Have you recently moved into a new house and have a to-do list of things you want to change, add or modify? Maybe you’ve been living in the same home for several years and still haven’t changed that mint green paint color from the previous owner? Don’t worry – you’re not alone!
Sometimes when you move in to a new home the list of what you want to do gets too overwhelming or pricey. Or you start to work on some of the items and then get stuck because you don’t know how to pull it all together. Before you know it you have either made some changes that you love and/or possibly hate, have stopped “seeing” the things that bothered you originally or have completely lost the energy to know where to start. Perhaps life changes happen and instead of focusing on the new furniture you wanted, you need to plan for a new baby room or furnace!
That’s why it’s important to create a “master” plan — a way to conquer all of those wants/needs and the best way to prioritize how best to budget for those interior improvements. By taking a systematic approach your goals can become a reality.
I’m not unlike all of you – we’ve been in our home for seven years and had grand plans for how we were going to shape and customize the home. We then had our two sons and time/life/priorities as we knew changed. Now we’re back on track and focusing on the best approach to making the changes based on what makes sense for us. For your personal plans, here is what I would suggest you consider.
1. Make a list of all the things big and small you know you need or want to do with your home. This includes even the mundane tasks such as replacing a roof or windows to the exciting endeavors like finishing your basement or buying new furniture for your bedroom (who’s still sleeping on their bed they had as a child?)
2. Circle the items that are a must to complete in the immediate future in order to keep the house functioning for you and your family. This is different for everyone – it could be the new room for the baby coming or adding air conditioning so that everyone doesn’t melt this summer.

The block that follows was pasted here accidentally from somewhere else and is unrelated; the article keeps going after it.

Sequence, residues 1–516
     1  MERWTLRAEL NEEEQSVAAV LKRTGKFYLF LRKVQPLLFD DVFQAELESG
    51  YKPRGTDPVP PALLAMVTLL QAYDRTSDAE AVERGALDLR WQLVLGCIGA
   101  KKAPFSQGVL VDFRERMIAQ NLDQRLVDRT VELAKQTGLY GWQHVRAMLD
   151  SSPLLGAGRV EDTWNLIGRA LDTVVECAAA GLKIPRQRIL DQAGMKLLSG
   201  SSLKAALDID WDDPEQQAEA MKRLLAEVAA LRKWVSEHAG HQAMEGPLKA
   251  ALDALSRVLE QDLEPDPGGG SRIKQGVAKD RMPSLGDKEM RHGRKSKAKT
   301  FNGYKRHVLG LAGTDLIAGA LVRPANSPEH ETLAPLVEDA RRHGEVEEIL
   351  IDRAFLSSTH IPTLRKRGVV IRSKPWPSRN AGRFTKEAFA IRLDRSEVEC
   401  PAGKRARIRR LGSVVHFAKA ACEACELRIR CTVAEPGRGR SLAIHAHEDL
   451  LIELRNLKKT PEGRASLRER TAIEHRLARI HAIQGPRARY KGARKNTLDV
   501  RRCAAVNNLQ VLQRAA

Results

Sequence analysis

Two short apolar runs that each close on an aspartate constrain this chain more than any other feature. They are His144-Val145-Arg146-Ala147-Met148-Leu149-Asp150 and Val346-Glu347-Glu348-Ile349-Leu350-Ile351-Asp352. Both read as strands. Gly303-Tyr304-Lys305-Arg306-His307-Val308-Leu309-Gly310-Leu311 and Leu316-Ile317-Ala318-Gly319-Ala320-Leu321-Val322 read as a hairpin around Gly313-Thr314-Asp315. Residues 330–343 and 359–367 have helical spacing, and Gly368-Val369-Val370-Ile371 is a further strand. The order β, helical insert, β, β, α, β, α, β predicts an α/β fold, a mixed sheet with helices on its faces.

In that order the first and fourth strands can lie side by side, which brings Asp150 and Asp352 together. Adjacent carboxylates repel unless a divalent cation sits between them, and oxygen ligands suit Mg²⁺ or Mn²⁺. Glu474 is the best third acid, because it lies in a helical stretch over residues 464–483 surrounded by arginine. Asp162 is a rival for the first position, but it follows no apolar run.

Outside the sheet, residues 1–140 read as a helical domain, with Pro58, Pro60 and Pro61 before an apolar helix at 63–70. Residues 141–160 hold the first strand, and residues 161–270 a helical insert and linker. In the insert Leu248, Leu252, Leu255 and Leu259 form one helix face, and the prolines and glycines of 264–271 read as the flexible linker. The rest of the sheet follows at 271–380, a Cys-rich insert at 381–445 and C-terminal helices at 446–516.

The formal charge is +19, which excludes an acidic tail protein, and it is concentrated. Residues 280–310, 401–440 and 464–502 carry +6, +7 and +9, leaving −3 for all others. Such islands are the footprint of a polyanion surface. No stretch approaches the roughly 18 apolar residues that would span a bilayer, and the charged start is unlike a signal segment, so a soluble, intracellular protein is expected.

3. Next, star the things that make you smile or get excited when you think about them. This might be painting a room, wallpapering the powder room, buying new bedding or even gutting the kitchen.
4. Now start looking at the list of things that remain and think about the timing of when they will become important. Some items might just be nice to have while others may evolve into a high priority to keep the home working best for you. For example, refinishing the basement might be quite important in a few years as the kids are old enough and need a place of their own. This allows freedom for them and a place for their stuff out of the main space of the home.
5. Next start to assign preliminary costs to the different items. Don’t get overwhelmed! This may be difficult if you aren’t familiar with costs but don’t question yourself or over think it too much. Just put dollar amounts based on what you think it might cost.
6. You should now be able to rearrange the list into “phases” based on priorities, budgets and timing which will allow you to come up with a master plan. Think about items in terms of months or years or both. Be sure to include some of the items that make you excited early in the plan as well as the things that are a “must” do and revaluate every few months so that you can make adjustments as needed.
7. Finally, it doesn’t hurt to get an “outside eye” on your plan or talk through your thoughts with someone who knows a bit about what things cost as well as how long it takes to complete. Think about friends you have that might be contractors or work in the industry — realtors, architects, designers or even someone who’s taste you admire. Often times they are more than happy to give their advice and often look at things differently since they aren’t living in your home day after day.
As spring has arrived, sit outside and make your list—who knows what exciting changes are in your home’s future. And if you need a second opinion or someone to help you execute on your vision I’m always here to help.